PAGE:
Nov 25, 2010

Its beginning to SOUND a lot like Christmas.

Its Thanksgiving.  I was toying around with the notion of writing the traditional "I'm thankful for..." post, however I have decided to forgo this option.  Don't get me wrong, there are things I am extremely grateful for.  And I could actually make a list that is quite extensive.  But for right now, I'm thinking about something else entirely.

It's almost Christmas!!

I have to admit, I get pretty exited for the holidays.  I don't get as excited as Costco does (after all, they break out the Christmas decorations around freaking Halloween).  For me, the official start of the Holiday season begins with Thanksgiving.  Its like some sort of starting line for a marathon of cheer and good will, culminating with the festivities of New Year's Eve. 

But I love the Holidays.  People are generally in a better mood at the Holidays.  Except of course, for those who are shopping on Black Friday and fighting over the next big thing. Those people are generally miserable. Fortunately for me, I never go out for the Black Friday sales, so I never have to deal with those people. And so, I can rely on my idea that people are generally in a better mood during the holidays, even on that day.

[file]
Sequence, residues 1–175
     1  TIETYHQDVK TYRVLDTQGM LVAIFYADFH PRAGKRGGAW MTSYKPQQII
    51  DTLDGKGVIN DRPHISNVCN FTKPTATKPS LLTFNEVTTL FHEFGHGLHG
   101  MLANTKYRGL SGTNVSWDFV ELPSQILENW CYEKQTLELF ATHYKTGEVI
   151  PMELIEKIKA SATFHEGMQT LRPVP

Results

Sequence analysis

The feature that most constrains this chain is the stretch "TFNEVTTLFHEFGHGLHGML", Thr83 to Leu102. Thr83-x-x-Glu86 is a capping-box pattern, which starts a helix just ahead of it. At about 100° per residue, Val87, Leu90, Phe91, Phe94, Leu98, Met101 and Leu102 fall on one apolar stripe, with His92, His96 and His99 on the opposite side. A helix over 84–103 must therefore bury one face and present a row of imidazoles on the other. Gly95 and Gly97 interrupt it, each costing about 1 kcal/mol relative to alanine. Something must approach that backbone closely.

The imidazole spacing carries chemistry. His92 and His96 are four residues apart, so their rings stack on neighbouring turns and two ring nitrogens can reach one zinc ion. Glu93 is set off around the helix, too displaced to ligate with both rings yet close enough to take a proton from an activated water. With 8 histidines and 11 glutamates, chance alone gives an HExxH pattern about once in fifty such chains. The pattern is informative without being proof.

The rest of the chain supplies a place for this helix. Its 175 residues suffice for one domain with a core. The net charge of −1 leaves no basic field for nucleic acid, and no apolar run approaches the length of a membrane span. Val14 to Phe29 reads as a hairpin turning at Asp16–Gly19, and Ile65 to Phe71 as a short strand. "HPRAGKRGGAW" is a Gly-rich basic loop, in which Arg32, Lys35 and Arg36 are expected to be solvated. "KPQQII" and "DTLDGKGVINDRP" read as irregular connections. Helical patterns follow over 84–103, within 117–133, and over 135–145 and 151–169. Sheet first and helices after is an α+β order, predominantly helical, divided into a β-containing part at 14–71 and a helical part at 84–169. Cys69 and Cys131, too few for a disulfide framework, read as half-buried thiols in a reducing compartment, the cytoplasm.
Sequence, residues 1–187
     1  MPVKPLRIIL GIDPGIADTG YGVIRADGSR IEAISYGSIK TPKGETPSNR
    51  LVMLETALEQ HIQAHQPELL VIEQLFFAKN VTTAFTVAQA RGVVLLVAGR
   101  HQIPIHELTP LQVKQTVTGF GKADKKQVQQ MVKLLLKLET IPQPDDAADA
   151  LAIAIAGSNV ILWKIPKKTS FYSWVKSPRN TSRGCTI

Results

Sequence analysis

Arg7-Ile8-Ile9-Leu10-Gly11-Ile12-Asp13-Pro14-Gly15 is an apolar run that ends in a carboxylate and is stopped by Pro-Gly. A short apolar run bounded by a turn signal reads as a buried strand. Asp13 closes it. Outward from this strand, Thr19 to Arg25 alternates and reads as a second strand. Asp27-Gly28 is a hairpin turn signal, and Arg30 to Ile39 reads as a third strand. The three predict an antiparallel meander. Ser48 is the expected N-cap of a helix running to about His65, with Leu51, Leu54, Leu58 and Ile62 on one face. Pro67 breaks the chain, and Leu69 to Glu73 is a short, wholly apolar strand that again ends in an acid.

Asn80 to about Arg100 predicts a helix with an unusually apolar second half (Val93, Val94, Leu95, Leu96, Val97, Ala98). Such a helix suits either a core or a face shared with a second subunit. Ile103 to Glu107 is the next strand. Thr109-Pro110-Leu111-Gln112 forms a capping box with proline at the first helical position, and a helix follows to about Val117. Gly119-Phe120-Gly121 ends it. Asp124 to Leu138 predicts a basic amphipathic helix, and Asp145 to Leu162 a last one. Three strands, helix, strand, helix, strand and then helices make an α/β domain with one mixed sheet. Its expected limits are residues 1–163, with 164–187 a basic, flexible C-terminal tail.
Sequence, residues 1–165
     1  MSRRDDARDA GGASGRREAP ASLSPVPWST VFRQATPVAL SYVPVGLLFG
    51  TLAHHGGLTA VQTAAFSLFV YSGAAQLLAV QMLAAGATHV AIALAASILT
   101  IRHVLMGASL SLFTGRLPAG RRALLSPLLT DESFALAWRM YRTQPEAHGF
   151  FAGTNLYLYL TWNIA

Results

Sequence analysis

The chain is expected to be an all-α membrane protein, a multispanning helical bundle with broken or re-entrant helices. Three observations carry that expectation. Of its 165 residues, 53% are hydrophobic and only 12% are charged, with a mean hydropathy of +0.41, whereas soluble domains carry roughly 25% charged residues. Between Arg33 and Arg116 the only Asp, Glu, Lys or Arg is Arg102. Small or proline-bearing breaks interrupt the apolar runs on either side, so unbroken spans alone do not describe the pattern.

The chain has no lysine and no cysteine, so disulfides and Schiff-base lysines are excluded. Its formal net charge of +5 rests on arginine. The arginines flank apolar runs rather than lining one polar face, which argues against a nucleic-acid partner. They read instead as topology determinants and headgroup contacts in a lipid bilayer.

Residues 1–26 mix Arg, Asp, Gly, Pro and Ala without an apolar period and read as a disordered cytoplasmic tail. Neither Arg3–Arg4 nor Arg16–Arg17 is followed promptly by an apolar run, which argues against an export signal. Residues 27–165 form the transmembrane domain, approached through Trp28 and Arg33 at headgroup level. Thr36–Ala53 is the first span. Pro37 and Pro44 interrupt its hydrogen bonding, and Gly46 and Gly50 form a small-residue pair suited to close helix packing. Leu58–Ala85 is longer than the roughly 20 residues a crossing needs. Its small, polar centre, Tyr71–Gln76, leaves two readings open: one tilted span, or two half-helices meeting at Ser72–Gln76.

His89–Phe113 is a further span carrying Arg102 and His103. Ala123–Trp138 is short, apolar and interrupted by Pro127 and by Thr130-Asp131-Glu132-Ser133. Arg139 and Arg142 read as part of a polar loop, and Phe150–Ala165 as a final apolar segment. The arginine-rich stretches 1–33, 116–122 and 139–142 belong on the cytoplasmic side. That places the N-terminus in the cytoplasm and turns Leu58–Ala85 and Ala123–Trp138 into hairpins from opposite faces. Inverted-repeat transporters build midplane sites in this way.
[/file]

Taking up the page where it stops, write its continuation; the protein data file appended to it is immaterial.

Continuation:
So how do I start celebrating Christmas?  What do I do to start getting in the holiday mood? 

I start with Christmas music.  I love Christmas music.  However, people seem to think its somewhat socially unacceptable to listen to it prior to Thanksgiving.  But there appears to be an unwritten rule that says as soon as the Presidential Turkey is pardoned a person can play Christmas music without fear of retribution, or at the least, weird looks.  So it is with every year I start looking forward to the time when I can break out the Christmas play list.

Now the catalog of music out there, focusing on the holidays, is extensive (which is really quite an understatement).  So, in order to help narrow the field a bit, I will be providing to my top 10 favorites, and why these musical selections have managed to make the list. 

Special note here: These are some of my favorites.  Certainly, not all of them.  And while I have labeled them my favorite 10, I have not numbered them, because they are not in any particular order.

Without further ado, I present my 10 Favorite Christmas Songs: